For table grapes and kiwi trees, (p) is 0.35; for almond and pistachio trees, (p) is 0.40; for grape-vine, (p) is 0.45; for apple, cherry, pear, peach, citrus and walnut trees, (p) is 0.50; for olive, (p) is 0.65; and for avocado, (p) is 0.70 (Allen et al, 1998). Our data suggest that, for young pomegran-ates, the depletion factor (p) should lie between 0.12 and 0.47. For T130 and T100, p-values were less than the range of the majority of the species listed above, but for T70 and T30, the values were within the range that we suggested. Because plant water use is associated with soil moisture availability, the p factor represents the threshold soil water deficit (Lamm et al, 1994).

The reference evapotranspiration remained constant during the 28 days of the analysis period, with a mean value of 5.0 mm d-1 ± 0.47 mm. On two days, reference evapotranspiration was clearly low: 3.5 mm d-1 and 4.2 mm d-1 (DOY 54 and 55, respectively). A decreasing trend in reference evapotranspiration values also occurred over time. This decrease was related to the end of the summer season and the subsequent decrease in solar radiation and temperature (Figure 1B).

Effects of irrigation on vegetative growth

Canopy growth. Water restrictions reduced the vegetative growth of young pomegranate plants at the end of the second growing season (Figure 2). During the first season, all irrigation treatments supplied enough water for plants, due to their small size and low water requirements. However, during the second growing season, pomegranate trees had a lower capacity for tolerating water restrictions (Melgarejo, 2001; Bhantana and Lazarovitch et al., 2010). Similar results were found for olive and cherry trees (Martín-Vertedor et al, 2011; Livellara et al, 2011), but there were no effects of irrigation regimes on canopy volume in peach trees (Pérez-Pastor et al, 2014). This study showed that canopy growth was at a maximum when soil watering was equivalent to 100% or 130% of evapotranspiration (ETc). If soil watering was equivalent to 70% of ETc, plant responses were unclear; there was no reduction in the canopy growth under the treatment of 70% of ETc, but the low soil moisture at this level of irrigation might have led to the start of plant water stress. Plants subjected to water deficits have been known to modify their patterns of water absorption, tran-spiration, enzyme activity and photosynthesis,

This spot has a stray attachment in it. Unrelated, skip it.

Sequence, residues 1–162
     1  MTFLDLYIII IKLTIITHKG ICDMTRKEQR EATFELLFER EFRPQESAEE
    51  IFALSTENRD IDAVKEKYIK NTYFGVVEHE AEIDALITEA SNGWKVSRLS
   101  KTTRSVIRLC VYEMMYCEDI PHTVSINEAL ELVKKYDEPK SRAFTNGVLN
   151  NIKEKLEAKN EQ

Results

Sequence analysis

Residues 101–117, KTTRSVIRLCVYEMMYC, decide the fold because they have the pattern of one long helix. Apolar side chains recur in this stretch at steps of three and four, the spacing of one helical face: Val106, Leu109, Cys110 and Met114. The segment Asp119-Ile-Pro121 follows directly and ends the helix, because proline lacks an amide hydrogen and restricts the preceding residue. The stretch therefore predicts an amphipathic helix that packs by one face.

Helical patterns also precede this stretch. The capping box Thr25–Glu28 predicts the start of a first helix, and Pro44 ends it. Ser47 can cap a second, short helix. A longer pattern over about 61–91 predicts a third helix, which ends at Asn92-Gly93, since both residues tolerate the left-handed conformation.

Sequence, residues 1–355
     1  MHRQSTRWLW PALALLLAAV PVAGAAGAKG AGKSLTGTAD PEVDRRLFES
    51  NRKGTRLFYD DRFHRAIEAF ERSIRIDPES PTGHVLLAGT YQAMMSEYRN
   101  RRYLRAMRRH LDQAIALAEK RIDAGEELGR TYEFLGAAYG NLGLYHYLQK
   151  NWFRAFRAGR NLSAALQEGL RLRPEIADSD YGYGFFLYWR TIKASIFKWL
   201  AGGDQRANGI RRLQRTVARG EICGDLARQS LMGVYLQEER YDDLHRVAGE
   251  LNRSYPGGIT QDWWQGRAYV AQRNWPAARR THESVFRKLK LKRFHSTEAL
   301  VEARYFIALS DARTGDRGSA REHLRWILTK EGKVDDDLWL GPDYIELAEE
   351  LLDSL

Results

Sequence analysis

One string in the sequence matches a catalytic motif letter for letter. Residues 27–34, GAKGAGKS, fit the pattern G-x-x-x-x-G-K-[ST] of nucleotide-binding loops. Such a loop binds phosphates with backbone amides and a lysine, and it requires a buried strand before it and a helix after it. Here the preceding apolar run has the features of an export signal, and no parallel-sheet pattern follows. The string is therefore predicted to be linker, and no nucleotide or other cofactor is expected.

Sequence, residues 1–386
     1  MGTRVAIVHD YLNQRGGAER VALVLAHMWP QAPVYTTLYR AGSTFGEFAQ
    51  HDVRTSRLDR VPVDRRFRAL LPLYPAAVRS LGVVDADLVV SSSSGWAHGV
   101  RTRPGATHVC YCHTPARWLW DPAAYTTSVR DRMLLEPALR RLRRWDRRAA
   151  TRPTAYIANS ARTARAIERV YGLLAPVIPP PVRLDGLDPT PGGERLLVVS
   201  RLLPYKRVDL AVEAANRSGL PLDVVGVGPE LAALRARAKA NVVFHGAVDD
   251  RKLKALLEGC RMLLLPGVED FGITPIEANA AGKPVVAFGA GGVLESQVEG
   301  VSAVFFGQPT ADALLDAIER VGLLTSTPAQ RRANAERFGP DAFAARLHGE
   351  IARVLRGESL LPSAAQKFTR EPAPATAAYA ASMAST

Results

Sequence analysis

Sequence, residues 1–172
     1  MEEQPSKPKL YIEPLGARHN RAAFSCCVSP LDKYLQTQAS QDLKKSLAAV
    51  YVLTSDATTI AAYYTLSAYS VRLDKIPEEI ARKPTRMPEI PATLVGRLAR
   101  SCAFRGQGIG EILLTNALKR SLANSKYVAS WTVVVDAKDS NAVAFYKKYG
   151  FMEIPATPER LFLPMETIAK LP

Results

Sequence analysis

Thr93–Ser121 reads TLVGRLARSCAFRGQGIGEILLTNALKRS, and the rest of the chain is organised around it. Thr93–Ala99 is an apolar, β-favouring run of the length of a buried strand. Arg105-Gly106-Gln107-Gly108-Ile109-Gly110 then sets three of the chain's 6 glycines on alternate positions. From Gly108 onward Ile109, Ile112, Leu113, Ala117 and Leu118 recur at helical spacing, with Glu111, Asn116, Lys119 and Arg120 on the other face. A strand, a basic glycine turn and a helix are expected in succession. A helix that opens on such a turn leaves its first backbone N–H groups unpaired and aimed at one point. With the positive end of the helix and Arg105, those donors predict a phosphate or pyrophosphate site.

Figure 1. A) Soil water content (SWC) and depletion fraction (p) for each treatment. The discontinuous line (---) represents the field capacity. B) Reference evapotranspiration during the study period. The continuous line (-) represents the trend line of the ET0 values.

 

interfering directly with the development of new shoots and canopy expression (Nortes et al, 2005). A deficient water regime during the first stages of growth could completely inhibit vegetative development, depending on the age of the plant (Martín-Vertedor et al, 2011). This effect is attributed to a reduction in stomatal conductance, transpiration and photosynthesis, and the subsequent decreased growth of young plants (Intrigliolo et al., 2011a). Canopy growth is fundamental during the first years of development, as it greatly influences the amount of foliage available, the photosynthetic capacity and the final size of the plant (Intrigliolo and Castel, 2005).